They do know we are keeping an eye on that - but it shouldn't be up to us.

Wednesday, November 29, 2006

Following the meeting with the manager he arranged another meeting for us to see the consultant psychiatrist.

Unfortunately jane couldn't go so I attended on my own.

I was really feeling very shakey before and after it but felt I'd aquitten myself reasonably.

He just sat there and nodded sagely and was pretty uncommunicative whilst trying to give off the air of a reaonable and caring man.

It didn't quite come off but I didn't challenge him too hard. Perhaps I let him off a bit.


Wrote that a while ago ...

unfinished I think.

So much is nowadays.

Tomorrow we have a CPA meeting - a planning meeting about Sam's future. We think at least that a few more people are treating it seriously and making an effort because of our efforts.

Whether that helps Sam get better in any way though I don't know.

Wednesday, November 22, 2006

The day finally came to see the hospital manager. The ward manager was there too.

it wasn't just an opportunity to moan on about Sam's clothes. We talked about the act that we were not complaining about specific incidents but about the hospital's overall lack of respect for carers, poor communications, putting barriers to our involvement - such as the psychiatrist only giving Jane ten minutes and barring her from attending any ward round meetings and so on.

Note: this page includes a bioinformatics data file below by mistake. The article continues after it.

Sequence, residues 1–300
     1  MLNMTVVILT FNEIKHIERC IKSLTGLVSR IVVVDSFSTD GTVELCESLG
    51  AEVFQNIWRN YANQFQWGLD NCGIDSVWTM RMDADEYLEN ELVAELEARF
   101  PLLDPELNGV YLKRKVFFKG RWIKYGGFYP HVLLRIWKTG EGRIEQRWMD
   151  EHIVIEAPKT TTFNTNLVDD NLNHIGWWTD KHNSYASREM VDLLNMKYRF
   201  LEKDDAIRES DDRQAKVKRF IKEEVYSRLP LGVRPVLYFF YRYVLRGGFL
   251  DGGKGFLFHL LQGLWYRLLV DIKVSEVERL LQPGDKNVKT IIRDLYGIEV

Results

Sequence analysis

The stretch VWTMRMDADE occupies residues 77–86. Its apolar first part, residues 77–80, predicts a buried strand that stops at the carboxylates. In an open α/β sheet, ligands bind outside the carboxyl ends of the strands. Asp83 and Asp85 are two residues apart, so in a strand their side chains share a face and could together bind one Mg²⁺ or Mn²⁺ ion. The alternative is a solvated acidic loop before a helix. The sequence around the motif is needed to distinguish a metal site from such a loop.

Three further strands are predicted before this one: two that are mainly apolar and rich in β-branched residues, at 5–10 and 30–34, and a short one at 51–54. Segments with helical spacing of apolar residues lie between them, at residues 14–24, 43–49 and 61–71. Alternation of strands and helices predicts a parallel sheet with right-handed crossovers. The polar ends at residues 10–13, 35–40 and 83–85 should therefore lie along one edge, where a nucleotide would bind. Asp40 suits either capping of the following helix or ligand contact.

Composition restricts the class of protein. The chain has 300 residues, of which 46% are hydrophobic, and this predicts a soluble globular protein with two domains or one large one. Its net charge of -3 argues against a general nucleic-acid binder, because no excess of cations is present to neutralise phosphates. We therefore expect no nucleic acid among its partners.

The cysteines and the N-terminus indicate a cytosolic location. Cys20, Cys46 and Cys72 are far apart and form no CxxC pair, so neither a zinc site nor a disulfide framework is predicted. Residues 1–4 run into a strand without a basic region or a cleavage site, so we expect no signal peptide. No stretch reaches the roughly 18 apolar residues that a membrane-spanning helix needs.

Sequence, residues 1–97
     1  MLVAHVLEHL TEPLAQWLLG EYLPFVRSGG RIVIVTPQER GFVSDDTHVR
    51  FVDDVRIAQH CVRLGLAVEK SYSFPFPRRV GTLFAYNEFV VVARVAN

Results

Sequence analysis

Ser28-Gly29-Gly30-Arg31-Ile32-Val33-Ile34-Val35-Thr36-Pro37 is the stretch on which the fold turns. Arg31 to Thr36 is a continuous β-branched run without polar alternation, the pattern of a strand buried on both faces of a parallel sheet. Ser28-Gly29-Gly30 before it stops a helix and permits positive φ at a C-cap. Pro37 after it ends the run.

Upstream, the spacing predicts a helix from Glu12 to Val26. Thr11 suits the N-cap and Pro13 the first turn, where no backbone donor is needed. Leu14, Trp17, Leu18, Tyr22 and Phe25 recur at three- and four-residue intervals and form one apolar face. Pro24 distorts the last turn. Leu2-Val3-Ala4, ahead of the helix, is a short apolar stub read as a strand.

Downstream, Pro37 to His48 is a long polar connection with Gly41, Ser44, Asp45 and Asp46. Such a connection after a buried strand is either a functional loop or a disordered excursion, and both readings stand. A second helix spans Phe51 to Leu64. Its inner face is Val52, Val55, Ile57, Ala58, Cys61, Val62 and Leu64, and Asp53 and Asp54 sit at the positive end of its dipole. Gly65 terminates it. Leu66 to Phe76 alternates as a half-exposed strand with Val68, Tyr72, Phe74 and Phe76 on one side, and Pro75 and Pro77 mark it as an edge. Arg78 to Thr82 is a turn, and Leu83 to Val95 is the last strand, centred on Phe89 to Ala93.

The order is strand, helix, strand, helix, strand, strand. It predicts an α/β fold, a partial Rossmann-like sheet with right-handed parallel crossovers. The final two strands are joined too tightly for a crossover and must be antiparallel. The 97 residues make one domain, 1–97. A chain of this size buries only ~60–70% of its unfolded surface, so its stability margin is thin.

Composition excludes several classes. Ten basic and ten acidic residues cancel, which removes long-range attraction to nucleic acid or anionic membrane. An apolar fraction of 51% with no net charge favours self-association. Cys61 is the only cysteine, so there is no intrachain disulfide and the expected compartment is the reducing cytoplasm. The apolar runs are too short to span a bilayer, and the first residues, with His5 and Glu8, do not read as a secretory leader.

Despite this we eventually get a letter in response that only addresses a few specifics and not our overall issues. So we've put our response in writing.

All we're really after is a statment saying they have a commitment to involving families and some action in staff training and organisational structures to show they mean it. Not so hard really, is it?

Tuesday, November 21, 2006

The next afternoon Jane was taking Sam out. She asked to go onto the ward to help sort out the problems with Sam's missing clothes. She was not allowed. That would not be possible - but with no explanation why. The following day after several phone calls Jane managed to get an appointment arranged to see the hospital's clinical manager.

Monday, November 20, 2006

It was a few weeks ago now - one Sunday.

I'd phoned to say I was picking Sam up for the day. Jane was away for the weekend. That's why I had decided not to have Sam overnight - just in case it turned in to an all night job - which it often can do - and I was too tired to cope on my own.

So I rang in the morning to remind them I was picking Sam up at 11.30.

I arrived a bit after that - only five minutes or so.

The reception area is closed at the weekend - not that we go there anyway. It only slows things down. There is a separate wing where the wards are situated. They have their own intercom for out of hours so we go straight there. Not that they are much quicker for us than for Reception!